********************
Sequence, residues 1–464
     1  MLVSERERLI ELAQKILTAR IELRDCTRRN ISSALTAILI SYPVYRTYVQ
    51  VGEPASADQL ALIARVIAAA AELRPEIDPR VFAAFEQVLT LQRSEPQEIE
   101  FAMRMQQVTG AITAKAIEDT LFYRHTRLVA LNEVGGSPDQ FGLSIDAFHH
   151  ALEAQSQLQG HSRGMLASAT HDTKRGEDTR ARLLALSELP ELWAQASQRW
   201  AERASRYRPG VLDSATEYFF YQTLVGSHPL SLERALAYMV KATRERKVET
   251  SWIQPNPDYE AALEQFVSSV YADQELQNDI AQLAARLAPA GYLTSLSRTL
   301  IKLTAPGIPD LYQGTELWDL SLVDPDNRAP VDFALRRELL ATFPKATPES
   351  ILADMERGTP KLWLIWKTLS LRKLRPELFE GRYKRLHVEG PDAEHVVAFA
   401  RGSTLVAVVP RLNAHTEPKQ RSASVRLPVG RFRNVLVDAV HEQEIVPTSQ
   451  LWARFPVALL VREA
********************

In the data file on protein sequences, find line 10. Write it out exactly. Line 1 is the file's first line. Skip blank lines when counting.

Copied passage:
   401  RGSTLVAVVP RLNAHTEPKQ RSASVRLPVG RFRNVLVDAV HEQEIVPTSQ